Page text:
19

Is it possible (or even reasonable) to make the callback of a System.Timers.Timer an async method? Something like:

var timer = new System.Timers.Timer
{
   Interval = TimeSpan.FromSeconds(30).TotalMilliseconds,
   AutoReset = true
};
timer.Elapsed += async (sender, e) => { /* await something */ };
timer.Start();

It compiles (obviously a good place to start), but I'm not sure I understand the consequences. Will the timer await the callback before resetting the timer?

0

4 Answers 4

31

Will the timer await the callback before resetting the timer?

No. There's nothing it could await, because the signature of ElapsedEventHandler has a void return type.

In other words, your code is equivalent to:

var timer = new System.Timers.Timer { ... };
timer.Elapsed += Foo;
timer.Start();

...
private async void Foo()
{
    ...
}

Whether that's acceptable for you or not will depend on your context. In general, having async void methods or anonymous functions makes them harder to test and reuse - but the ability was precisely given for the sake of event handlers... You should consider how errors will be propagated though.

15

The title of the question is specifically about Timers, but if we look at it as "How to call an async method after some time?" then you could do it without using a timer.

var task2 = Task.Run(async () => {
    while (true)
    {
        try
        {
            await MyMethod2();
        } catch
        {
            //super easy error handling
        }
        await Task.Delay(TimeSpan.FromSeconds(5));
    }
});

...

public async Task MyMethod2()
{
    //async work here
}

Please note however that this will have different timing (timer will be called at an interval, the code above will be called every (run time + sleep_time), but even if MyMethod2 takes a long time it it won't be called twice. Having said that, you can calculate how long to await for to run 'every x minutes'.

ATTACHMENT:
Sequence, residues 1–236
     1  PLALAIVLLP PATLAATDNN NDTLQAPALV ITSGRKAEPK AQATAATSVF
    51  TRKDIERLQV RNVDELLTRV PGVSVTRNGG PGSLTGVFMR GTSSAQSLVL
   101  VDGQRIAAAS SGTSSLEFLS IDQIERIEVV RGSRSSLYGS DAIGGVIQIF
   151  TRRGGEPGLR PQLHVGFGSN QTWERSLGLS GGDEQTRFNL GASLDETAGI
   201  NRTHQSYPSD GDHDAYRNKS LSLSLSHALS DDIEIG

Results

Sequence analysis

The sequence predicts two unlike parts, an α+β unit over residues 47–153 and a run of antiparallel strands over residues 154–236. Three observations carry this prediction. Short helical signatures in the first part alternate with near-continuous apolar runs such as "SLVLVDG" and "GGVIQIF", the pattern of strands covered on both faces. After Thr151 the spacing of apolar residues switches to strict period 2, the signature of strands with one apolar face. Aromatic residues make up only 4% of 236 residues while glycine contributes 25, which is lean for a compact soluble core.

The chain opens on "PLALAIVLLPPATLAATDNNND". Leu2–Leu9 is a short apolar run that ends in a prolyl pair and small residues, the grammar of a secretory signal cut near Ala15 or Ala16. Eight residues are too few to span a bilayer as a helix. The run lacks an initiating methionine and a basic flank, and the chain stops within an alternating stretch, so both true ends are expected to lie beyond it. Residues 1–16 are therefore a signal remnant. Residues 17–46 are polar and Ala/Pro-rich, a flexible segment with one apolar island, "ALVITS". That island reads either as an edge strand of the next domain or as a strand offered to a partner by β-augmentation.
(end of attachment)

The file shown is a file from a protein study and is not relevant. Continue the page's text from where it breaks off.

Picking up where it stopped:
2
  • 1
    Used this for slowing down webrequests on Azure. More than 10 per second caused an error. Thanks.
    – Eric Wild
    Commented Jan 10, 2019 at 18:58
  • It sounds good. I will try to test it in a service. I usually use a timmer but this time OnElapsed I have to make several secuential async calls. It may works! Thank you very much!
    – David Con
    Commented Aug 1, 2021 at 12:47
-1

The solution that proposed @tymtam doesn´t wait until MyMethod2 has ended.
I think it would be better to use this.
An example with two async tasks, when both have finished, wait 5 seconds and execute again the two tasks:

var task2 = Task.Run(async () => {
    while (true)
    {
        try
        {
            var task1 = MyMethod1();
            var task2 = MyMethod2();
            List<Task> allTasks = new List<Task> { task1, task2 };
            while (allTasks.Count > 0)
            {
                Task finishedTask = await Task.WhenAny(allTasks);
                if (finishedTask == task1)
                {
                   Console.WriteLine("MyMethod1 has ended");
                }
                else if (finishedTask == task2)
                {
                   Console.WriteLine("MyMethod2 has ended");
                }
                tareas.Remove(finishedTask);
            }
            //Here only when finished all task
        } catch
        {
            //super easy error handling
        }
        //Wait until next cycle
        await Task.Delay(TimeSpan.FromSeconds(5));
    }
});

...

public async Task MyMethod1()
{
    //async work here
}

public async Task MyMethod2()
{
    //async work here
}
1
  • tareas.Remove(finishedTask); the tareas variable is not defined. Commented Aug 1, 2021 at 18:38
-2

Actually, you can.

System.Timers.Timer timer = new System.Timers.Timer();
timer.Elapsed += async (x, y) => { await Task.Delay(1); };
1
  • 1
    For what it's worth, trying this caused my entire program to crash.
    – Shadow
    Commented Feb 18, 2022 at 4:54

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